Emerson opens $30-million Global Innovation Center
Emerson's 2,500 sq m flow lab in the Emerson Innovation Center.
"No other facility in the world can do what our Marshalltown Emerson Innovation Center can do -- from seismically qualifying a 35,000-pound control valve to testing a two-story-tall valve that controls the flow of feedstocks for a petrochemical plant," said Steve Sonnenberg, president of Emerson Process Management. "This $30-million investment in innovation directly reflects Emerson's commitment to helping our customers run smarter plants that improve production quality, lower operations and maintenance costs, and enhance environmental performance and worker safety."
Emerson, whose Fisher valves are installed in more than 90 percent of the world's nuclear facilities, is able to provide seismic qualification of its valves at the new Innovation Center, which is critically important to making nuclear plants safe and reliable during earthquakes. Emerson was recently awarded contracts to provide its Fisher control valves for Westinghouse Electric Company's newest generation of nuclear power plants.
"We are very pleased to be working with Emerson Process Management for control valves on our AP1000 nuclear power plant," said William Rice, Westinghouse director of engineering. "We plan to take advantage of this new facility to prove out critical operating characteristics, under actual passive heat-removal system service conditions, for one of Fisher's unique large control valves designed to meet our requirements."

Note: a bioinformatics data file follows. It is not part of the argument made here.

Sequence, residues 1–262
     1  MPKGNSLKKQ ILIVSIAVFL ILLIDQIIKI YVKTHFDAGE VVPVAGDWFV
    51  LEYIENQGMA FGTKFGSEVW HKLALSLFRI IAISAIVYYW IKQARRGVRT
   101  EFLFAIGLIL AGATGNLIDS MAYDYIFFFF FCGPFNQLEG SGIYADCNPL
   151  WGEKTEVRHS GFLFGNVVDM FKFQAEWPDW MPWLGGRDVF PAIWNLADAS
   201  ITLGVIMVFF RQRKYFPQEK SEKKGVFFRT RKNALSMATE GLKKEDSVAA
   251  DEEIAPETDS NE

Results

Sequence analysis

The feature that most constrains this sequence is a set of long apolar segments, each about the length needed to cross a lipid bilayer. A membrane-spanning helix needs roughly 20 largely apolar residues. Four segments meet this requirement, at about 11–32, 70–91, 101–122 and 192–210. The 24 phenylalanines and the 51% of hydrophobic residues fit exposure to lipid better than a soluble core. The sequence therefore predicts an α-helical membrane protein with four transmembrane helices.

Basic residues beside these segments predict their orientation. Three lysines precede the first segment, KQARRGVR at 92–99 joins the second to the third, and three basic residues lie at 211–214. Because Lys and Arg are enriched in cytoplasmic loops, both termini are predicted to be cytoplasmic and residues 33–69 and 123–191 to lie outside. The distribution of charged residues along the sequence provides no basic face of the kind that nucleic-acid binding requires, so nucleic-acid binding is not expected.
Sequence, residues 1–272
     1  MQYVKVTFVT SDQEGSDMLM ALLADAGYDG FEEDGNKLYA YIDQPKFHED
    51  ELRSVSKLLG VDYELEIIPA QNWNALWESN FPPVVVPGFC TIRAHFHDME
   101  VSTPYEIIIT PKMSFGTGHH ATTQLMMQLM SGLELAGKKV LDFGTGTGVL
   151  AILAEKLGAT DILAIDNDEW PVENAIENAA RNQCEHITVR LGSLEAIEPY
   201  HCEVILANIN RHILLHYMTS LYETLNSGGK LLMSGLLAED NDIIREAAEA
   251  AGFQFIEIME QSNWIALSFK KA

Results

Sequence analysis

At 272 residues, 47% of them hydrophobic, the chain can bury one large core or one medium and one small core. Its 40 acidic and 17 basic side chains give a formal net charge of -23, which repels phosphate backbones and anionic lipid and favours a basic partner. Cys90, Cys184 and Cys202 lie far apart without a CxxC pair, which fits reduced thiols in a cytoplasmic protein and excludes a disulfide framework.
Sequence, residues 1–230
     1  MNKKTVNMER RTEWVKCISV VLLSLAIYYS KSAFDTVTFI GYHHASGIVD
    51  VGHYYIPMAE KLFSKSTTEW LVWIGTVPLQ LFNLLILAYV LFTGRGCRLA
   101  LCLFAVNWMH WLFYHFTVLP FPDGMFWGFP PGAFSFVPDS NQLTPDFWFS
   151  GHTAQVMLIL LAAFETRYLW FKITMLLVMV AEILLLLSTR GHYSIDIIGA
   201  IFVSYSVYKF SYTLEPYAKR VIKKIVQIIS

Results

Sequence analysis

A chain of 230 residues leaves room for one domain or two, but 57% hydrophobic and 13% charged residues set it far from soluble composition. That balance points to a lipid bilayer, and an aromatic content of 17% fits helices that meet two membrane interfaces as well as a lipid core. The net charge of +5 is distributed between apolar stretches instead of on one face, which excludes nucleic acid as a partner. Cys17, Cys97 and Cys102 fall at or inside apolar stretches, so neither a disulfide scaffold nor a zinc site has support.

The center's flow lab has enough capacity to fill an olympic-sized pool in just over eight minutes, or a Goodyear blimp in about 12 seconds. Control valves can be tested at pressures up to 3,500 psi (pounds per square inch), the equivalent of providing enough force to support a sport utility vehicle on a postage stamp. Meanwhile, the center also is home to a 26,000-square-foot sound chamber in which Emerson can develop and verify noise levels of new devices before a customer's plant is built.
Located in Marshalltown, Iowa, home to Fisher, which was acquired by Emerson in 1992, the center required almost 2 million pounds of process piping, more than 1,600 feet of 30-inch and 36-inch pipe, seven underground air storage tanks each more than 150 feet long, and more than 4,500 cubic yards of concrete.